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J R Soc Med. 2006 December; 99(12): 646–647.
PMCID: PMC1676335

Too little compassion in health care?

I have been visiting one of England's major teaching hospitals a couple of times every week for most of this year. My father in law is a ‘frequent flier’ with heart failure and various comorbidities. Seeing the NHS through the lens of his care is sobering. The NHS's addiction to structural change as a way of sorting things out seems unlikely to shift his shoddy support. This obsession with moving the resources around seems to know no bounds and yet is useless for him.

In the media we see continued coverage about sacking unaffordable staff this year and senior NHS and DoH leaders encouraging the closure of hospitals in the tail end of this decade. Others offer rationing services and big projects (like the national IT programme) as the only routes to sustainability. From my experience these are pretty irrelevant—what is really needed is a fundamental shift in how people relate to each other: staff to staff, patients to staff. And this is measured in the small things: the nurse who phones social services (again) to try to get a completed and accurate assessment—not the nurse who refused to go to the hospital shop to buy the barriernursed patient a bottle of orange squash.

If everyone who works in NHS did one extra act of kindness a day (the GP on a home visit who boils that egg for a housebound patient, the consultant who buys a phone card for a bed-bound patient and helps them to use it) and took one extra step to make things join up better for a patient (the SHO who phones the GP, the ward clerk who talks to the X-ray department, the sister who phones the relatives to brief them on a change in regime), the whole system would take a massive step forward in terms of service and smoothness, and would seem simpler to patients and more satisfying for staff. Once the NHS shifts out of its chaotic turbulence it is possible to try other improvements. Structural change is a side alley en route to giving patients and carers greater and greater value from the skills of staff. Process improvements with IT are only part of the answer. Changing the way that compassion is shown, kindness demonstrated, conflict is handled and decisions managed would be totally transforming. Starting with the little things is critical. It doesn't need a government policy or mandate from the top. This is a strategy that everyone can create—and all can implement.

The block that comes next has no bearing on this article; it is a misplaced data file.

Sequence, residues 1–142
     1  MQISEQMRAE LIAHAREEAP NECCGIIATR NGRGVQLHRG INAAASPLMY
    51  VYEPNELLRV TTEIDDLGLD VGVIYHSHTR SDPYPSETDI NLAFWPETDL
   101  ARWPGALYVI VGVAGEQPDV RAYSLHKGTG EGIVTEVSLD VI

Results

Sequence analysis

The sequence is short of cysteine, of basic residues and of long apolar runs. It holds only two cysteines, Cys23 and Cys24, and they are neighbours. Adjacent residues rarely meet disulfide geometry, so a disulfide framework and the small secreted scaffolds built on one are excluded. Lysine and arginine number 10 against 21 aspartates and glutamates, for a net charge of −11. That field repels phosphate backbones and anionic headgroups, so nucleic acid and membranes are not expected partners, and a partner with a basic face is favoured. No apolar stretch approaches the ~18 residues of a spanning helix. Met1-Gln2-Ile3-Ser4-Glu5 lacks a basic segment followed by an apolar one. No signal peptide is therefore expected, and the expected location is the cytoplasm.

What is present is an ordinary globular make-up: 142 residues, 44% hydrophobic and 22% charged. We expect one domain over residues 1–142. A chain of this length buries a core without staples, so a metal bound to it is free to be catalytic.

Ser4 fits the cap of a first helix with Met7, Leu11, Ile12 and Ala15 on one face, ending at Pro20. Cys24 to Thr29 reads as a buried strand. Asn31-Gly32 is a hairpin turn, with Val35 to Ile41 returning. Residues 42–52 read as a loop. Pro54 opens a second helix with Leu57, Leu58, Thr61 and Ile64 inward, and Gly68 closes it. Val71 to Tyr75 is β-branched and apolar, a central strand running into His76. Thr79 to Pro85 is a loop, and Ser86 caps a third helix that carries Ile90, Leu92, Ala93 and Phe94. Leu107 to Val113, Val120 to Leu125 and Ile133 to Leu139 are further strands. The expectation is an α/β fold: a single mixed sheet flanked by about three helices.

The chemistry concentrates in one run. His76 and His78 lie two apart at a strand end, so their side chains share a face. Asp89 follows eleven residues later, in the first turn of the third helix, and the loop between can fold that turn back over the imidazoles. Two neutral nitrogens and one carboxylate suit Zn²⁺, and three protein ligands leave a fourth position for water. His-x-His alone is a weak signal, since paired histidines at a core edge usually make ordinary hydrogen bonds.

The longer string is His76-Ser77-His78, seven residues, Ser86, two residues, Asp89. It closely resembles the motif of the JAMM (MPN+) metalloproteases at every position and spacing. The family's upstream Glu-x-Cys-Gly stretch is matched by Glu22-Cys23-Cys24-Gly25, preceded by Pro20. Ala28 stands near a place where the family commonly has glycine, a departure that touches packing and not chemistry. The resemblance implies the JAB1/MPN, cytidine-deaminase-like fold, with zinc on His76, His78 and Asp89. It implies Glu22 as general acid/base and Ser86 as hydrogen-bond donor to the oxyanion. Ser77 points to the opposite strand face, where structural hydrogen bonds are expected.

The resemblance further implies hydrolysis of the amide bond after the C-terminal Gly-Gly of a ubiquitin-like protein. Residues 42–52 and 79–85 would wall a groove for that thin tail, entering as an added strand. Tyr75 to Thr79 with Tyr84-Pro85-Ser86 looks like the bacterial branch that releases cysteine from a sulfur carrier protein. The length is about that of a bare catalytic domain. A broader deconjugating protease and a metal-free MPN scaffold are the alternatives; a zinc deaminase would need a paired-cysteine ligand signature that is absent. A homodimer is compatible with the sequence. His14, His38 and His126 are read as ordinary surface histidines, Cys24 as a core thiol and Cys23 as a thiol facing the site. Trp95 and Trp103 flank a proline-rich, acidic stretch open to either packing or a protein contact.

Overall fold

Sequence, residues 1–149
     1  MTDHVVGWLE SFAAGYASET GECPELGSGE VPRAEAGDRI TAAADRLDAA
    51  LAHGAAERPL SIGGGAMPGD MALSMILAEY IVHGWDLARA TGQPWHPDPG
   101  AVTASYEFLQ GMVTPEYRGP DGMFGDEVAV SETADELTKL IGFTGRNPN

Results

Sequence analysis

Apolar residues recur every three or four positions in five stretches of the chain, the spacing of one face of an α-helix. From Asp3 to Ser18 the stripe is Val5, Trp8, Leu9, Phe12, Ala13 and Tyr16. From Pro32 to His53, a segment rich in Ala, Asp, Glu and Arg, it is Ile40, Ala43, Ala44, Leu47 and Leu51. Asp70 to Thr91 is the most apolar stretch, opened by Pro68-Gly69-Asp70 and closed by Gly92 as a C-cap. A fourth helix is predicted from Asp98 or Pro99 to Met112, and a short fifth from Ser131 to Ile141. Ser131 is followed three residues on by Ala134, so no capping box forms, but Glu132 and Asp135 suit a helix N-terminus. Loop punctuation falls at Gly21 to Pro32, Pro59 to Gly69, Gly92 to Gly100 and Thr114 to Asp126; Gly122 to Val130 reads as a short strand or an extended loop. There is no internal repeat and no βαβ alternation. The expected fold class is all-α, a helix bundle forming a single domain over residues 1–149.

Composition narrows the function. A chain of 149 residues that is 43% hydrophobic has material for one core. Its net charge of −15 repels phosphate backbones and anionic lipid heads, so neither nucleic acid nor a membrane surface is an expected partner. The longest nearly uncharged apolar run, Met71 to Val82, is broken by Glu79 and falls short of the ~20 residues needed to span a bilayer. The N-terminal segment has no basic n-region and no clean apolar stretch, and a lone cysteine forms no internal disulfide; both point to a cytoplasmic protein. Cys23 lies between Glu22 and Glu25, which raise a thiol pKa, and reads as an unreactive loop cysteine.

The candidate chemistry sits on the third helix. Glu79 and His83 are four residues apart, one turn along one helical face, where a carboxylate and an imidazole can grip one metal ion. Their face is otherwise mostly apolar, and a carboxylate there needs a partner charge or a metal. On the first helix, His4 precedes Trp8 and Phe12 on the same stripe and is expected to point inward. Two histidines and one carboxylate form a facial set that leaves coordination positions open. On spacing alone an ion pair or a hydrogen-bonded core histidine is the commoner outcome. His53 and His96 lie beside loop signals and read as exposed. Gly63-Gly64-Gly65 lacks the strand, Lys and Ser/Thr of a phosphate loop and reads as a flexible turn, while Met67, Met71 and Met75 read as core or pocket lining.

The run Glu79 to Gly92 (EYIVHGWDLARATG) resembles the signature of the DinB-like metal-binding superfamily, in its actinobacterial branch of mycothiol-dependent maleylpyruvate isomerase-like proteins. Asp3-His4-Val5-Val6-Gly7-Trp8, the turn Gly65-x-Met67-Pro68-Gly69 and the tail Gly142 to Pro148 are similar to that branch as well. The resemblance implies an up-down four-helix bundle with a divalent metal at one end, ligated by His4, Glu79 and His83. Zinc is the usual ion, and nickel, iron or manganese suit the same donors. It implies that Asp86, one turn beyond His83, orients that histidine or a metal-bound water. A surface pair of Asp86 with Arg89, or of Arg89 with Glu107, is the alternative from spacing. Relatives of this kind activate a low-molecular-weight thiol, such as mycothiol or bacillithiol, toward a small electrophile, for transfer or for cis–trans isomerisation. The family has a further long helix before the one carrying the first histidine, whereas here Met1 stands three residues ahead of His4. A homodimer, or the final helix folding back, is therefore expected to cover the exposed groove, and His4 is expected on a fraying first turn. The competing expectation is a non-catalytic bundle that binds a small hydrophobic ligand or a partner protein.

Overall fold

Notes

Competing interests None declared

Dedication This piece is dedicated to Jane on F4, who took a step and changed it all.


Articles from Journal of the Royal Society of Medicine are provided here courtesy of Royal Society of Medicine Press